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Tomi Lahren’s Star-Spangled Fashion

The+U.S.+flag+has+appeared+on+clothing+as+an+icon+or+a+print+for+decades%2C+but+is+now+being+banned+from+appearing+on+apparel.%0A
The U.S. flag has appeared on clothing as an icon or a print for decades, but is now being banned from appearing on apparel.

The U.S. flag has appeared on clothing as an icon or a print for decades, but is now being banned from appearing on apparel.

Anna Letson

Anna Letson

The U.S. flag has appeared on clothing as an icon or a print for decades, but is now being banned from appearing on apparel.

Kate Holland, Staff Writer

Ultra-conservative political commentator and Fox News contributor Tomi Lahren recently caught flak on social media for sporting a star-spangled cape alongside a “Make America Great Again” bodysuit this Halloween. People claimed the outfit violated the United States Flag Code disallowing use of the U.S. flag as apparel.

The U.S. flag is an enduring symbol of patriotism, especially among U.S. conservatives. It seems that with the recent kindling of U.S. nationalism and the development of the American so called “alt-right,” the U.S. flag is beginning to represent nationalist or even populist values for some Americans.

Some students around campus aren’t bothered by Lahren’s use of the flag since, in recent events, it hasn’t stood for the U.S. as a whole.

“The flag creates a national identity, but for some people it represents a partisan identity and excludes immigrants or the LGBTQ [community],” Steinhardt senior Amanda Morris said. “To me, the flag is for everyone, which is why I think there shouldn’t be one dictation on how you can use it.”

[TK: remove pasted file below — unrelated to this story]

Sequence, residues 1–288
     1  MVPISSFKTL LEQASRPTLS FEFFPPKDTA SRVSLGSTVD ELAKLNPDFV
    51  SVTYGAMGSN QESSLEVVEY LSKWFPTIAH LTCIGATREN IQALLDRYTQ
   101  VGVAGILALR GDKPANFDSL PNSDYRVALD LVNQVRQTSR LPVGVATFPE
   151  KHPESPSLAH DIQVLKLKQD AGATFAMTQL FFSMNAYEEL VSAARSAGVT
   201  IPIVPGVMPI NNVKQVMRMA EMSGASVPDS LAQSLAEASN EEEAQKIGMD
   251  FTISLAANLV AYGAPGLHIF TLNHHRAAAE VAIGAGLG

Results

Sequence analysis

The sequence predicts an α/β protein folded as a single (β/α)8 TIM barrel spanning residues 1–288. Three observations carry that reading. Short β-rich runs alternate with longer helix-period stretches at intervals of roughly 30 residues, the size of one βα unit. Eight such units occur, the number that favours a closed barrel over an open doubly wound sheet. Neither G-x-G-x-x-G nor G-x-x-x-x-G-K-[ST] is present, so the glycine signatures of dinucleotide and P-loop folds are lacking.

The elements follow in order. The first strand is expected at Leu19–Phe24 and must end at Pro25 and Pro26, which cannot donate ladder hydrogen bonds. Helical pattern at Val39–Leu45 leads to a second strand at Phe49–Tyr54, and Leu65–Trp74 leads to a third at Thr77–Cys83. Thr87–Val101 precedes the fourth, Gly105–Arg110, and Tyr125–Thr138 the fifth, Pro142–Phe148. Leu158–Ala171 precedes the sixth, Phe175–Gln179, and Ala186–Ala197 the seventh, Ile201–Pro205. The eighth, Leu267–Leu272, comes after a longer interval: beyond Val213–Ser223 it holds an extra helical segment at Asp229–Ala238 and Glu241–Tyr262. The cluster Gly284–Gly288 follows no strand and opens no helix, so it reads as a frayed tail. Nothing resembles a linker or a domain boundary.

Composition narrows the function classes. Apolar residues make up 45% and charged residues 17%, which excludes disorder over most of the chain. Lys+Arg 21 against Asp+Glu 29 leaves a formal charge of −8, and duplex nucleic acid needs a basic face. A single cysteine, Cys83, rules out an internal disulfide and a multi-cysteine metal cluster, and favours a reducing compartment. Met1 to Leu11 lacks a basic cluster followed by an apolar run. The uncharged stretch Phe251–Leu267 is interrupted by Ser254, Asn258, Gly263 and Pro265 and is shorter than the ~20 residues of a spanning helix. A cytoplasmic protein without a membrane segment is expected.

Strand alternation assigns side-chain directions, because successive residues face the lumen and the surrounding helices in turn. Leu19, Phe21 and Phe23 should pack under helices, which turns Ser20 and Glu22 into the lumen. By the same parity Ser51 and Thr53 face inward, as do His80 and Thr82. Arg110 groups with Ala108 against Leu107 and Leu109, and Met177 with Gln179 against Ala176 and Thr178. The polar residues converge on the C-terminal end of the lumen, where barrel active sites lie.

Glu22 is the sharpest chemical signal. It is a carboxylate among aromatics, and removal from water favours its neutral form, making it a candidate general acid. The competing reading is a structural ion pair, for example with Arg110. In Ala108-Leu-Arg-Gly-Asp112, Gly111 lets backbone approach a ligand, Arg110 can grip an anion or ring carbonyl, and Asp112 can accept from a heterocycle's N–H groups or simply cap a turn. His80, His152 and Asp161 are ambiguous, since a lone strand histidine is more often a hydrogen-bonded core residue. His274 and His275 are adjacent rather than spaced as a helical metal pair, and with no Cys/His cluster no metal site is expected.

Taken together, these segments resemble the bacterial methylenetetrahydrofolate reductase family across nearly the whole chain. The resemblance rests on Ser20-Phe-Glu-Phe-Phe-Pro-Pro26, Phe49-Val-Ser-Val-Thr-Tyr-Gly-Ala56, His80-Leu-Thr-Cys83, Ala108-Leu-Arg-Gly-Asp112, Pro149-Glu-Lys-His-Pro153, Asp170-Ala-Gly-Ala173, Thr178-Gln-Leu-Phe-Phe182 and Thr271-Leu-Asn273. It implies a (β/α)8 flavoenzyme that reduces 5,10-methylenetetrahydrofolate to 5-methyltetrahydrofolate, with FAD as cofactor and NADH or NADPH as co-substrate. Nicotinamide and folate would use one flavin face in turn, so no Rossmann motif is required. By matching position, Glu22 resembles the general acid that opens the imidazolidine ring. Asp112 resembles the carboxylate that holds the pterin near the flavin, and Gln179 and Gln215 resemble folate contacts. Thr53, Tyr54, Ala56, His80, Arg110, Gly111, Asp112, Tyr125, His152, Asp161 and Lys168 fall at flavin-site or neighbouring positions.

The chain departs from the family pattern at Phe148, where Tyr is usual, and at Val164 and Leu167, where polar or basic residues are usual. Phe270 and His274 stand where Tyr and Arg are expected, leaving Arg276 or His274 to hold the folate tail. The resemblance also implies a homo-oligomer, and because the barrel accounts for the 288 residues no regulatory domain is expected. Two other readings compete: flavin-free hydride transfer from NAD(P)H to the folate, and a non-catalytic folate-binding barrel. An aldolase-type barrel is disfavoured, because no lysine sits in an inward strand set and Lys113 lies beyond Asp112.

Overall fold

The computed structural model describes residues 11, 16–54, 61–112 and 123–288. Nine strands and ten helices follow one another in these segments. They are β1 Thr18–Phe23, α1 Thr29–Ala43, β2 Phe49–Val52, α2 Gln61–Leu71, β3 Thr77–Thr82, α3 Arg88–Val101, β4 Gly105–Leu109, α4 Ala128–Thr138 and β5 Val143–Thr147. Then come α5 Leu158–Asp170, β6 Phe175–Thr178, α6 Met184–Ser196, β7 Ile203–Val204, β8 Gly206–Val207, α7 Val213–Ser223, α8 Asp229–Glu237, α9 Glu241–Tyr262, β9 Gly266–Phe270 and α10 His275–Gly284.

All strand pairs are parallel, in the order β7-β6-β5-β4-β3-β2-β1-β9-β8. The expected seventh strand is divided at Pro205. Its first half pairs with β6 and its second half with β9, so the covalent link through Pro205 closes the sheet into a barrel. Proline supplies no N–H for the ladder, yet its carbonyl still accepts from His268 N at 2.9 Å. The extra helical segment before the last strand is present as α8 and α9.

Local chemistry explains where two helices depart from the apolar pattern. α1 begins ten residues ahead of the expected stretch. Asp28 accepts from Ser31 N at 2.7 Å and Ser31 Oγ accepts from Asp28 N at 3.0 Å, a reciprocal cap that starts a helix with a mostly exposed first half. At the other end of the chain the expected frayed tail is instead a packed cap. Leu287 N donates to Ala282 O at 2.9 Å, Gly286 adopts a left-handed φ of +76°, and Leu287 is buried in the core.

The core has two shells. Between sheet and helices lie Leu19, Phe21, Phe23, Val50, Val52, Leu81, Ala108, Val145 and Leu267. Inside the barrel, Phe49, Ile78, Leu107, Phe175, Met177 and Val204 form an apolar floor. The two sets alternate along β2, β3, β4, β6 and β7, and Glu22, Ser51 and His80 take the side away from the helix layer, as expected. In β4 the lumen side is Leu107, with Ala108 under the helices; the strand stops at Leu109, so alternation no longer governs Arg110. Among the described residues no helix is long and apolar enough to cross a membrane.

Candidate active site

U.S. conservatives often take flag culture seriously, going so far as to defend the Confederate flag, but since the rise of President Donald Trump, the nationalism associated with the symbol has only become more intense.

NYU students don’t seem to mind so much the use of the flag as a fashion statement, more so the sentiment that the flag represents ideals which go beyond the basic principles of democracy.

“I guess it depends on who’s wearing it,” Tisch sophomore Bre Kelly said. “If I were to see an American flag at a Trump rally, I would find it really intimidating.”

Kelly also brought up the camouflage trend as an instance of utilizing military style in a trendy way, but she said she thinks some retailers like Brandy Melville and Urban Outfitters take the military style too far with mock patches and pins.

Students have a problem with the flag as apparel specifically in the context of Lahren’s hateful nationalist rhetoric. It seems that the flag at one point may have been acceptable as apparel, but with the divisiveness of the current political climate, it can operate as a tool to isolate people of different affiliations even further.

Tisch sophomore Madi Mitts said that the appropriateness of wearing the flag depends on who is wearing it.

“My dad is a veteran,” Mitts said. “So when people like Tomi Lahren wear the flag to be obnoxious, it’s not OK with me.”

Correction: Dec. 4, 2017

A previous correction to this article spelled Madi Mitts’ name as Maddie Mitts. WSN apologizes for the error.

Correction: Nov. 26, 2017

A previous version of this article stated that Maddie Mitts’ name was Maddie Williams. WSN apologizes for the error.

A version of this article appeared in the Monday, Nov. 20 print edition. Email Kate Holland at [email protected]

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Tomi Lahren’s Star-Spangled Fashion